Kayla Griffin wears many hats at Weber State University: professor, volunteer coach, committee chair and more. This summer, she added another title: the Diversity and Inclusive Programs Coordinator.
While the office might be new for Griffin, she already has a long history of striving to create welcoming environments for students.
After working for the federal government, and even zoos and aquariums, in Idaho, Griffin moved to Utah in 2019 to teach at WSU. As a communication instructor, she taught classes such as Intercultural Communication and Mass Media and Society, which helps to teach students to incorporate diverse viewpoints into their communication styles.
“Kayla fiercely defends diversity and inclusion,” said Kyle Housley, a digital media student at WSU who took Interpersonal and Small Group Communication under Griffin during her first semester teaching.
Housley went on to describe how Griffin made it abundantly clear that any form of discrimination would not be tolerated in her classroom and that she would actively speak out against any type of injustice.
On top of teaching, Griffin served as a volunteer coach for the university’s speech team alongside her husband, Mark Galaviz. As a previous speech competitor herself, Griffin has helped students write pieces that embrace both social justice and personal issues.
Rebecca Baggett, speech team captain and a senior at WSU, is just one student Griffin has helped find their voice while in a difficult environment.
“Her passion for learning and advocacy inspired me to step outside of my comfort zone,” Baggett said. “I am gaining a bigger perspective, widening my scope and realizing more every day each of us can have an impact on the world.”
Griffin also fights to make change outside of her classroom. During only her second year at WSU, Griffin was elected chair of the communication department’s diversity committee where she dedicated herself to creating a space where faculty, staff and students feel accepted.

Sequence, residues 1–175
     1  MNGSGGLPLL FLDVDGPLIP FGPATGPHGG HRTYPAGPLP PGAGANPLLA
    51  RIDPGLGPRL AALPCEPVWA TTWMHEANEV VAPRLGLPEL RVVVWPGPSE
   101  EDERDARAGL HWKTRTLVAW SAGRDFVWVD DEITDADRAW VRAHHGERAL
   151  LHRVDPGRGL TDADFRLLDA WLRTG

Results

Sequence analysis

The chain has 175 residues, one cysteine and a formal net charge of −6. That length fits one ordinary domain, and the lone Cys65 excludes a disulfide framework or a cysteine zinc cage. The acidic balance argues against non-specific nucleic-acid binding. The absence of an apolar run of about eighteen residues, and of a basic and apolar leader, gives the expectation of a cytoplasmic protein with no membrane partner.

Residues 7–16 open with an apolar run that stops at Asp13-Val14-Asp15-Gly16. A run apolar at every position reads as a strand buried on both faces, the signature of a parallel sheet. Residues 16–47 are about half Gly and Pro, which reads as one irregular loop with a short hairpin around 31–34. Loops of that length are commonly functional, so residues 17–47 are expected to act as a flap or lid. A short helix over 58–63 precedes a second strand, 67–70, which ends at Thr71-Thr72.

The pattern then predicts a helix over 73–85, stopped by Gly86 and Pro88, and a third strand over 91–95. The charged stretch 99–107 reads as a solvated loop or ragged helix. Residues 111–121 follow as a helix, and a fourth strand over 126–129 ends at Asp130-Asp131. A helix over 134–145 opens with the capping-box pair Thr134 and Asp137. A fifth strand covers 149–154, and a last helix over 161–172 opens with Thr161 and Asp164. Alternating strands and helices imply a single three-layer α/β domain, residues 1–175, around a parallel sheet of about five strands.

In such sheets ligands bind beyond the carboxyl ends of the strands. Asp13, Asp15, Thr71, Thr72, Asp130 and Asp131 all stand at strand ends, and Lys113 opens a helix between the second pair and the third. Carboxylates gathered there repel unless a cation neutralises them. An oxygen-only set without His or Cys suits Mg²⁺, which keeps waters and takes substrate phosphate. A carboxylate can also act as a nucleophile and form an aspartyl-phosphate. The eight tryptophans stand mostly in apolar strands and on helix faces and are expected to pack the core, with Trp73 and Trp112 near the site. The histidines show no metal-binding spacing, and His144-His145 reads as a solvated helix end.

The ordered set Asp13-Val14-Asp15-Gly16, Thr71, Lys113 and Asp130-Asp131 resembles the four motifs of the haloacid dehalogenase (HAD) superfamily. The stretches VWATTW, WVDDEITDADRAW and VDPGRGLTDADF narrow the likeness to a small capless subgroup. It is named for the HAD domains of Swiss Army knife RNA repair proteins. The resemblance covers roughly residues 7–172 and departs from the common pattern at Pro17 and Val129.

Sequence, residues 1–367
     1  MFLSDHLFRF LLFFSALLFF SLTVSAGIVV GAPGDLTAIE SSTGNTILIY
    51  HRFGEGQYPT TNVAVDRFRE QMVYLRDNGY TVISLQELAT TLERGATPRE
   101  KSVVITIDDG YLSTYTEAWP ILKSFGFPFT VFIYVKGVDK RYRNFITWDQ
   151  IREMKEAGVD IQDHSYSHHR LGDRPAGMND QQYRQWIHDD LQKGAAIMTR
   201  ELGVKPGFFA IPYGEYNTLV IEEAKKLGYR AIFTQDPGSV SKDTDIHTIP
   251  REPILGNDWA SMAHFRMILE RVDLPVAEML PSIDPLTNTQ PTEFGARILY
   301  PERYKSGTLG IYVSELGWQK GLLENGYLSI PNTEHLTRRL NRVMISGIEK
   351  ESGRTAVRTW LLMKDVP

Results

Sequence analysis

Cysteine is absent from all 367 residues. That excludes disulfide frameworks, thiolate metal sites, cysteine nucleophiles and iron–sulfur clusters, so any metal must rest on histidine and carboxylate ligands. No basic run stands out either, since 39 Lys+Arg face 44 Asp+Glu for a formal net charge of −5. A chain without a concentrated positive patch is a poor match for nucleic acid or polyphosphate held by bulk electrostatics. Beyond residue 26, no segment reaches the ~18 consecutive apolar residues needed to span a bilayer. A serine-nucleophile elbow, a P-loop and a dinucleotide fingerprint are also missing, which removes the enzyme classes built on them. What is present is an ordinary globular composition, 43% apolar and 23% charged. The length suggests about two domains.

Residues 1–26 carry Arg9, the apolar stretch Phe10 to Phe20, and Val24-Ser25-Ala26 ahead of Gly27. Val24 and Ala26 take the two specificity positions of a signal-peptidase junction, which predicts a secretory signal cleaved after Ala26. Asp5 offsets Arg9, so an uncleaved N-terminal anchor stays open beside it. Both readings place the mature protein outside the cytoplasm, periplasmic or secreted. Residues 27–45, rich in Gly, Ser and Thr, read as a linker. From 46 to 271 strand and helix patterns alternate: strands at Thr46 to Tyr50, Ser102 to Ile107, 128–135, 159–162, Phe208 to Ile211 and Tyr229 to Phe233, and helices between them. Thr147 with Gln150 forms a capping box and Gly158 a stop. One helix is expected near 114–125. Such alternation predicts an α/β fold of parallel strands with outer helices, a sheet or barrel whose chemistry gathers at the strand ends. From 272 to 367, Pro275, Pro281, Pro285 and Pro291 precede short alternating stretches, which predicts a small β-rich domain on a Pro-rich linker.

While she will have to step down as the committee chair, Griffin believes this is the perfect time to be taking on a larger role for the university.
“I am excited to jump on at a time where things like critical race theory are being pushed against because this is where I can really highlight some of that lobbying work that I have behind me,” Griffin said.
But Griffin’s passion for inclusiveness doesn’t just come from her lobbying work. Coming from an East Indian family, Griffin experienced bullying throughout middle and high school following the 9/11 terrorist attacks.
“From work to school, it was a very isolating experience, and it’s even prevalent in higher education,” Griffin said. “This is why I love when schools create programs like this, because we can no longer let students struggle through it by themselves.”
Griffin will continue teaching an online Mass Media and Society course for the fall semester, but will likely switch her focus to her new role after winter break.
“I will miss teaching, but I am glad that I still get to have those relationships with students where I can help them feel safe,” Griffin said.